I found myself slipping away.
I was in a relationship with a woman struggling with bipolar depression, and she was adamant that no one should know what was going on. I was keeping everything locked inside myself, until I realized that my fiancée’s illness had become my illness.
Bottling everything up was taking a physical and mental toll on me. I needed an outlet desperately. I was on the brink of a physical and nervous breakdown when something pulled me back from the ledge: writing.
Along with therapy and meditation, writing saved me. I feel fortunate that a strong urge to write is deeply ingrained in me and that I had writing to turn to, like a trusted and nonjudgmental friend, during a tumultuous time in my life.
Writing out my fears, frustrations and desires helped release some of the pent up emotions that were stuck inside me. Since I did not want to betray my fiancée’s trust by sharing our reality with another person, I put my heart down on paper, purging myself from some of the toxins I had been ingesting.
Right away, the story seemed to write itself. Words and emotions poured out of me. I felt others might benefit from what I wrote, that people could relate to at least some of what I was going through: living with chronic pain, anxiety and depression, heartbreaks, frustration.
What started as a personal diary evolved into something I wanted to share with others. When my relationship with the young woman ended, I took a leap of faith and published my story as a book on Amazon.
And the response was wonderful.
I underestimated how many others were fighting their own battles. Many people appreciated hearing from someone who finally saw some light after having lived so long in darkness.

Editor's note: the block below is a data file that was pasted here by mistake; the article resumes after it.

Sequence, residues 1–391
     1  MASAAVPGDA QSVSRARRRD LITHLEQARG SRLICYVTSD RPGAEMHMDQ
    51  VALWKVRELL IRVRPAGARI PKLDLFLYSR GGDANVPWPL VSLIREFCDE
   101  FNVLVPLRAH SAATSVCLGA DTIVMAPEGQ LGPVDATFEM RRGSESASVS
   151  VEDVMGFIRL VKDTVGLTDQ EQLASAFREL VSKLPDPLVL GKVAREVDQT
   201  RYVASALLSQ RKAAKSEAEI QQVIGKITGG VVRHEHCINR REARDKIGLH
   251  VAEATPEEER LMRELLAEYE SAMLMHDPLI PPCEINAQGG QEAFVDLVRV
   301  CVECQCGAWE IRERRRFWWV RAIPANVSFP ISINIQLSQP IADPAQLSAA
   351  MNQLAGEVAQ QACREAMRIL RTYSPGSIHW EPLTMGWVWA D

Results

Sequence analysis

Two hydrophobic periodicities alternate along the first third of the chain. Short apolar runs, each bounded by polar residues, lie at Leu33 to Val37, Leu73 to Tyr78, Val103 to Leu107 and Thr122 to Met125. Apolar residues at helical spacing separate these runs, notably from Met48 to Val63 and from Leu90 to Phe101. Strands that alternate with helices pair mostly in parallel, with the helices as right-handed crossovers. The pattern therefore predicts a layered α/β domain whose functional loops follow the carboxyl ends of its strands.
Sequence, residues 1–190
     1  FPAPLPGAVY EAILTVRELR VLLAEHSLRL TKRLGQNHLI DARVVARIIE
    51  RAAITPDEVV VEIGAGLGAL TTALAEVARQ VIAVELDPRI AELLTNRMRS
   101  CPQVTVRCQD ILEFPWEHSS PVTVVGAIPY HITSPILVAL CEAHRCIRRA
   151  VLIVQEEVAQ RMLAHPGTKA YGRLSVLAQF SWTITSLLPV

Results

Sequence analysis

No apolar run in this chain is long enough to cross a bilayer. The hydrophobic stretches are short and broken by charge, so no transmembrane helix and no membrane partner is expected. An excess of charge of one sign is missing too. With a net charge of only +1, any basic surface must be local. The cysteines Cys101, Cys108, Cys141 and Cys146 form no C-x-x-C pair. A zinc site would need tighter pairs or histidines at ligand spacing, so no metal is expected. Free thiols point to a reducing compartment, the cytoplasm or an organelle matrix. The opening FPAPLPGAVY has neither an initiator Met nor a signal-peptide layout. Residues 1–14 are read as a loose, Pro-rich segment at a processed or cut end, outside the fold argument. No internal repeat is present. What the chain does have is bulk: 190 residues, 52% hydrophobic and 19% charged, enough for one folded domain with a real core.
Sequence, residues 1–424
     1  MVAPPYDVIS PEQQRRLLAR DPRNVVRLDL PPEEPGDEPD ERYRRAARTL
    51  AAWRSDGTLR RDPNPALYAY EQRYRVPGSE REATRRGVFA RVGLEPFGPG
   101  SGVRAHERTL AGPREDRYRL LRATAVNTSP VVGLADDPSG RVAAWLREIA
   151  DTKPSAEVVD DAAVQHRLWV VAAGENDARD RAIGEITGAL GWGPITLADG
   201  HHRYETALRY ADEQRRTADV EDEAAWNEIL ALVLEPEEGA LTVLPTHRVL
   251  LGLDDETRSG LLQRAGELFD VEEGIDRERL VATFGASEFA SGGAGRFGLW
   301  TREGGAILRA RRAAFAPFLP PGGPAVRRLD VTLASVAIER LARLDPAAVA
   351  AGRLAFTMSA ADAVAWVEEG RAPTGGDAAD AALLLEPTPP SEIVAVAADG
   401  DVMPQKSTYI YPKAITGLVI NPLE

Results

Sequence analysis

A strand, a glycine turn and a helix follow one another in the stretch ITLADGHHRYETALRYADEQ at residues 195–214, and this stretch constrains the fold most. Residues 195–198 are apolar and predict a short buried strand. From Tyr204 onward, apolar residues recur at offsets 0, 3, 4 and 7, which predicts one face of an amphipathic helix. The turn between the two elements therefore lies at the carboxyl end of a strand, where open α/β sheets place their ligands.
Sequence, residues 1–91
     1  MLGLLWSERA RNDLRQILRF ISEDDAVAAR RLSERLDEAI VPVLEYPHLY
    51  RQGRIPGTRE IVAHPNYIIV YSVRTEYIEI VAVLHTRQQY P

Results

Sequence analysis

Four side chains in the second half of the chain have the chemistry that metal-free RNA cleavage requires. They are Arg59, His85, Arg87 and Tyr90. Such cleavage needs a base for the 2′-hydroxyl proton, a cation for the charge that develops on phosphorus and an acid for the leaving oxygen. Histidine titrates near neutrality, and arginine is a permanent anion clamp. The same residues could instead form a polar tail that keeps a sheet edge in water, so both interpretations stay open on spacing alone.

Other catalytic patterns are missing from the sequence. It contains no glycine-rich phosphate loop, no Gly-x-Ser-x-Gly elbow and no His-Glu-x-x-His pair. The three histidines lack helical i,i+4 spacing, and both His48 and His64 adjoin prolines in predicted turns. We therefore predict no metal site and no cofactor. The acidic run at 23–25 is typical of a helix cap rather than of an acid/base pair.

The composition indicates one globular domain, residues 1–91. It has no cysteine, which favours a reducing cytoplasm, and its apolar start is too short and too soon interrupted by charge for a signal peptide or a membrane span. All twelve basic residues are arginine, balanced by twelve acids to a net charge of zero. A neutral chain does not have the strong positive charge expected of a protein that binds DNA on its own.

I found that sharing my weaknesses made many of my relationships stronger. My first book also led to new relationships and opened doors. One such opportunity was a spur-of-the-moment road trip around the southeastern United States, which led to my second book. A friend and I combined a desire for fun, travel and philanthropy into one amazing adventure. We gave money to deserving people along the way, with the understanding that those people had to choose someone else to whom to give the money.
Through writing both of those books, I came to feel stronger than I had in years—and less alone. People I met or reconnected with reminded me that everyone is going through something. There’s always a struggle, yet many people choose (or feel forced) to keep them private.
If you are struggling in some way—especially if you internalize the pain—I urge you to write out your feelings. You don’t have to share this with anyone, but you will exorcise the demons, so to speak.
These days, my writing is meant to inspire others and to provide an antidote to the negativity and sensationalism we see in the news and on social media. In my third book, I looked for people who are lighthouses for the rest of us, and they were not hard to find. Extraordinary people are all around us!
I’m thankful to know that, and to know them. And I’m thankful for the life-saving gift of writing.
Writing has taken me out of myself and connected me to people in new ways. I’ve discovered more about who I was, who I am and who I want to be, all while learning about others in the process. Writing gave my life a renewed purpose. Writing saved me.